Members pay about $1,200 a year to join the group, though Congressional staff and Members are allowed to attend the dinners for free. The Cockroaches received a letter from the Senate Ethics Committee in 2008 declaring that for the purposes of Congressional ethics rules, Cockroaches dinners are widely attended events, and Members and staff could attend for free.
A fact sheet provided by the group offers an impressive whos who of current and former participants, though some of the attendees declined to confirm their involvement.
The Cockroaches group claims among regular attendees through the years House Intelligence ranking member Pete Hoekstra (R-Mich.), ex-Rep. Curt Weldon (R-Pa.), Undersecretary of Defense for Intelligence James Clapper, the former head of the Defense Advanced Research Projects Agency and other top military and government officials.
Ruppersberger said Clapper introduced him on one occasion when he spoke at a Cockroaches event. Several staff members from the Senate Armed Services Committee used to be regular attendees, the men said, but Chairman Carl Levin (D-Mich.) has recently discouraged staff from attending out of concern about accepting free meals from the group.
But Sojka and Swetnam said the dinners are not an opportunity for private companies to lobby military officials for assistance with specific projects. This is not a forum where anybody a lobbyist or a corporate guy trying to work an issue with a Hill guy or a Defense guy would be anything but shunned, Swetnam said.
Sojka added that while the Cockroaches group includes many members from private companies, most of them are not clients of Potomac Advocates, and very few are lobbyists.
For all of its secrecy the events are not advertised, all meetings are off-the-record and it is hard to find anybody willing to discuss their involvement Sojka, Nichols and Swetnam insist it is a very open organization. People just ask to come, and weve never turned anyone away, Sojka said. Events are announced to a mailing list, but weve never invited anyone to join, he said.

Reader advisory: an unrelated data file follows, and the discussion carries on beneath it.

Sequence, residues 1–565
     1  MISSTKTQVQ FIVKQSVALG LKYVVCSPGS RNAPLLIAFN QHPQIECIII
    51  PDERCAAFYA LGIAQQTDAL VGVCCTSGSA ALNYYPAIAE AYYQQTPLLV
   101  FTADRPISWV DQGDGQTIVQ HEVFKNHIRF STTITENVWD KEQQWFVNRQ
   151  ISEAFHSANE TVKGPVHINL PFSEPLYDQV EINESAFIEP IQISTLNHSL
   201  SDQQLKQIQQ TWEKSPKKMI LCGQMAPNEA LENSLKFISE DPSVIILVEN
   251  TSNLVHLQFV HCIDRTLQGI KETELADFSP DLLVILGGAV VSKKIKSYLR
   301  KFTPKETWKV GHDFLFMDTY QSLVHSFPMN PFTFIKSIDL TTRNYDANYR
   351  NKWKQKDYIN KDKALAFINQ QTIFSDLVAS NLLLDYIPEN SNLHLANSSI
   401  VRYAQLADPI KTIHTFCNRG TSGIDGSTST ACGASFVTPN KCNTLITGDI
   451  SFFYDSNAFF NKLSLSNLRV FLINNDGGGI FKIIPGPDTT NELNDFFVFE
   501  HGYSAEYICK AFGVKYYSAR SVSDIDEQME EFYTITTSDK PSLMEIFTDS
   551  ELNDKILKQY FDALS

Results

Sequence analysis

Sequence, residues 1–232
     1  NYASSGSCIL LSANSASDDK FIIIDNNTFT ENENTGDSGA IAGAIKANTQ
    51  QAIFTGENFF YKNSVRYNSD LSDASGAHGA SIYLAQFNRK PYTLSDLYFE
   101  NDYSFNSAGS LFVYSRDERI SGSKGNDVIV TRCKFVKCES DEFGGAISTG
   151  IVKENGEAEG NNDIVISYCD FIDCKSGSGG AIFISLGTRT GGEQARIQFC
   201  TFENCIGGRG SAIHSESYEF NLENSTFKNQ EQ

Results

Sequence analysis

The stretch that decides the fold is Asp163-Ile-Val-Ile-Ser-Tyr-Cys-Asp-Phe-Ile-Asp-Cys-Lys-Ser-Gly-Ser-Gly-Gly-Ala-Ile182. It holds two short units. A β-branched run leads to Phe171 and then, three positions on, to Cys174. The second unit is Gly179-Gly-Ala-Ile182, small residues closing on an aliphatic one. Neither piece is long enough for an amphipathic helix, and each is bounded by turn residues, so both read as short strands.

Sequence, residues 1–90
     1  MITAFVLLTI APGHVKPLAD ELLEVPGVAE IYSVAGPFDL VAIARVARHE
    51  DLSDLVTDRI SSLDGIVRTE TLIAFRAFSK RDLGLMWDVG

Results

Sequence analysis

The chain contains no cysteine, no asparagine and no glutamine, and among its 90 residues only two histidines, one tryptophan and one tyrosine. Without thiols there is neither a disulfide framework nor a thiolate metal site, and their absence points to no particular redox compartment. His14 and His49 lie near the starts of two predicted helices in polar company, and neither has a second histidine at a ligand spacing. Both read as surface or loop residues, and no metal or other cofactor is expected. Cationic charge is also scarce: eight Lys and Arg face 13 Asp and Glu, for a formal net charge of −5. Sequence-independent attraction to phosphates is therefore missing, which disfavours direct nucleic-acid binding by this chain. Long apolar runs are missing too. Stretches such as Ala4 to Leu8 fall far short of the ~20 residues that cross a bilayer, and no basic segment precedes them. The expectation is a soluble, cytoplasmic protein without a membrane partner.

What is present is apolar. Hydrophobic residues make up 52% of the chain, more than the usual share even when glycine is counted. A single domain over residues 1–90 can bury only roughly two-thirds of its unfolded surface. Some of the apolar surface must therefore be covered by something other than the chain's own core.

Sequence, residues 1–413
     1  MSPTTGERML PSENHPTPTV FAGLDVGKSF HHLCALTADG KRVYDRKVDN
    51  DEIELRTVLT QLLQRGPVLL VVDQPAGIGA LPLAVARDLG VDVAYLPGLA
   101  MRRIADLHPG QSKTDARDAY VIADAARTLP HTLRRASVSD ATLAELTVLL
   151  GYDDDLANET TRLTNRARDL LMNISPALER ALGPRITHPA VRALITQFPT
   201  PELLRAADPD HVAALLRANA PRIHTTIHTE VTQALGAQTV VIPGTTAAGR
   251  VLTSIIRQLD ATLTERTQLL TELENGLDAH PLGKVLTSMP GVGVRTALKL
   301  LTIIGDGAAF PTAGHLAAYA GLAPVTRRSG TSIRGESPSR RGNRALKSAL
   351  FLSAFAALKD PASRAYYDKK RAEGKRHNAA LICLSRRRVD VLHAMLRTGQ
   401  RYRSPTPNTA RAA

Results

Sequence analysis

The format of the events is generally a keynote speaker discussing a topic of interest followed by a free-wheeling question-and-answer session, the men said. Rep. Adam Smith (D-Wash.) spoke at the groups meeting in March, and Sen. Kit Bond (R-Mo.) spoke in February.
The Cockroaches events create the opportunity for a lot of these people in the intelligence community who might have worked in agencies or now are working for the private sector or whatever to see each other, to come together and communicate in a quasi-social atmosphere, Ruppersberger said. Thats the culture of Washington, D.C.
Ruppersberger, who chairs the Intelligence Subcommittee on Technical and Tactical Intelligence, said: Ive found when Ive gone there Ive been able to talk to some people that have been very effective on issues I might be working on. ... You see a lot of people there that it can be very difficult to get these people together.
The informal atmosphere of the events is critical, the participants agree.
Its about relationships and trust here, Ruppersberger said. In the intel community, a lot of what you have is relationships and trust, and the common bond of working in that field is very important.
James Jones, communications director for DC Vote, tapes a "DC Constituents Service Day" sign on the wall as he stands with other DC residents outside of Rep. Andy Harris's office on Capitol Hill to protest Harris' actions against D.C.'s marijuana laws on Thursday, July 24, 2014. DC Vote encouraged DC residents to bring their complaints about city services to the Maryland congressman.